Abstract: Persi Diaconis asked me if it might be possible to develop a "K-theory of finite groups" based on n-tuples of generating sets, which would replace rows of invertible matrices (the bases of free modules). I found a way to construct groups that have a universal mapping property analogous to those of free modules: A group H is "n-homogeneous" if for every pair of ordered generating n-tuples, there exists a unique automorphism of the group which takes the first to the second.
It turns out that such groups were discovered by B. H. Neumann & H. Neumann in 1951. Given a finite group G generated by r elements, there is a natural way to construct an n-homogeneous group H(n,G) for n>r. The automorphism groups of these groups play the role of the group of invertible matrices in K-theory, and one develops the stable algebra of these groups as n goes to infinity, as in traditional algebraic K-theory.
Recently I have been looking at the unstable case, rather than the stable case arising in K-theory. Really interesting things happen when r is the minimum number of generators of the group G.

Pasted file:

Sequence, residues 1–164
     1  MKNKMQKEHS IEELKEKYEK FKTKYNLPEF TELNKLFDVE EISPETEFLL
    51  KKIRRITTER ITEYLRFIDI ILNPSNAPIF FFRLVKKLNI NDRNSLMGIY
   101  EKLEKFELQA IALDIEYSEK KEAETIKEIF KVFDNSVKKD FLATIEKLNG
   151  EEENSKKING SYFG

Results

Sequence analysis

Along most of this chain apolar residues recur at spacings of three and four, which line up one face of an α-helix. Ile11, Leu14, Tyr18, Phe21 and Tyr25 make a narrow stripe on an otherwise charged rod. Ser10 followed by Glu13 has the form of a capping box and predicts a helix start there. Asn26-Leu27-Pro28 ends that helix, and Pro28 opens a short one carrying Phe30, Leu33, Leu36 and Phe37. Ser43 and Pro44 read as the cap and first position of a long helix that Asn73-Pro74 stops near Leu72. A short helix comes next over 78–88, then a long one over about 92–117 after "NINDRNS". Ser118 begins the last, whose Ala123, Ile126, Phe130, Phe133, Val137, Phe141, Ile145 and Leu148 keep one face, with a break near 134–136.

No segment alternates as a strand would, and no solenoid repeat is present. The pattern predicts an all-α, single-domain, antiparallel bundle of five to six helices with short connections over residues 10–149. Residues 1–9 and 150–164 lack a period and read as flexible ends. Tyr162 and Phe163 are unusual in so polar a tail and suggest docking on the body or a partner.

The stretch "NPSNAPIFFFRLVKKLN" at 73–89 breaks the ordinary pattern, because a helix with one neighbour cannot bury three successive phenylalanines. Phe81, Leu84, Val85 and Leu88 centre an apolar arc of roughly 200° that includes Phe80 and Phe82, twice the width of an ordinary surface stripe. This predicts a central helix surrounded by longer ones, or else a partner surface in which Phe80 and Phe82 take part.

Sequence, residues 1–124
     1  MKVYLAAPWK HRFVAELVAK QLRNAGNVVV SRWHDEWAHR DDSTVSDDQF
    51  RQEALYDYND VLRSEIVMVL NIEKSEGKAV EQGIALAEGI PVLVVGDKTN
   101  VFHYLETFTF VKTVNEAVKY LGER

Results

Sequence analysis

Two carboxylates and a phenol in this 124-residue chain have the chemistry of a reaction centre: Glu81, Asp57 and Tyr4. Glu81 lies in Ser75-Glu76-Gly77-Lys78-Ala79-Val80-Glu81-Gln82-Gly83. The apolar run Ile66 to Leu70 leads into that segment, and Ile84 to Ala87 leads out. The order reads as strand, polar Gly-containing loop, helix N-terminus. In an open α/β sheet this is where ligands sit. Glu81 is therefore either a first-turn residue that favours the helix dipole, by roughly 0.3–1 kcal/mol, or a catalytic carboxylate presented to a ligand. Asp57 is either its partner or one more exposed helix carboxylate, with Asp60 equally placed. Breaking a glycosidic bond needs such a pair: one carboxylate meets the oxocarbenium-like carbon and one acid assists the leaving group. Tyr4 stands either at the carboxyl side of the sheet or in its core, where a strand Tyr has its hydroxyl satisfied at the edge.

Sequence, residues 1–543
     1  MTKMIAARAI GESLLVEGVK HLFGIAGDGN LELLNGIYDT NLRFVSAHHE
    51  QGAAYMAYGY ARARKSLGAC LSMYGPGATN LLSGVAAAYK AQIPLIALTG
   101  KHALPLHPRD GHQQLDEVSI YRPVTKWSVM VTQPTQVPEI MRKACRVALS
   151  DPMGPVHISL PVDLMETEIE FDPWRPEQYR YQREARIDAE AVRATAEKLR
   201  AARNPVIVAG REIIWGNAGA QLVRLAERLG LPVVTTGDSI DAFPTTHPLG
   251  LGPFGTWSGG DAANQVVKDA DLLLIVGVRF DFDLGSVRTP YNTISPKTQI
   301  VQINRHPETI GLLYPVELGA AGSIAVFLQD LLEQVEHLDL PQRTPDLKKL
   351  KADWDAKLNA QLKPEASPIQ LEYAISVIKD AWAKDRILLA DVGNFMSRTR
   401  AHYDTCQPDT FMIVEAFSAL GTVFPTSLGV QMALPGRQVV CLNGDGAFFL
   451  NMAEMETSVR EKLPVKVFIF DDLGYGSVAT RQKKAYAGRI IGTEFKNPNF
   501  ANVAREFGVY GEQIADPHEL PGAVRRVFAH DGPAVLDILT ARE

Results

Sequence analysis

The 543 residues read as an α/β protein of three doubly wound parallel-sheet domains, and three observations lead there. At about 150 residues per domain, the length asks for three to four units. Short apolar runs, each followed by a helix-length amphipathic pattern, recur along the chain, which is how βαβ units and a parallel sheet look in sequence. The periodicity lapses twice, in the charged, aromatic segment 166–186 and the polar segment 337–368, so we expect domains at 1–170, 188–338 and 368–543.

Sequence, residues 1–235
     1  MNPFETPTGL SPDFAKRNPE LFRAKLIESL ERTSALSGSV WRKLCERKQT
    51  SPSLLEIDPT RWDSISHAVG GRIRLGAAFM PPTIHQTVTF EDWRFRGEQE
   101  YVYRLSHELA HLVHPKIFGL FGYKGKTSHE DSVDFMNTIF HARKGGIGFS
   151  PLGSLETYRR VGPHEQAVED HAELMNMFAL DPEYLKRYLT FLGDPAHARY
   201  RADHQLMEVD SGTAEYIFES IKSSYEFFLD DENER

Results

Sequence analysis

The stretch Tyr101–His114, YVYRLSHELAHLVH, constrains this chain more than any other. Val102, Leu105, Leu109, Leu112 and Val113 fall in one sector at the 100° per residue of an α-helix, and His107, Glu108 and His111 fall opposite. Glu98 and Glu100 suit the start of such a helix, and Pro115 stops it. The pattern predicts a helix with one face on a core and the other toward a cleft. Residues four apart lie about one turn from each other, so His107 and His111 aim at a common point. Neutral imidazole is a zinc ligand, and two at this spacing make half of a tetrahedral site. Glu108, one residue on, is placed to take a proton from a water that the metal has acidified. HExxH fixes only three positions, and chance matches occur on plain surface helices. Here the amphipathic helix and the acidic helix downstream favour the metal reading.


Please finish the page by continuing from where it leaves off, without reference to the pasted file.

The general construction gives a group H(r,G) that has r generators all of the same order. For n>r, it is trivial to see that this number is the exponent of G. The question then arises: what is this number for n=r? After trying unsuccessfully to prove that it was the exponent, I sought counterexamples, and to my surprise, I found them---surprisingly, so far all have turned out to be Frobenius groups. These considerations lead to an invariant that generalizes the classical Scharlau invariant. There are many interesting questions remaining even in this simplest case.
This talk will be accessible to graduate students.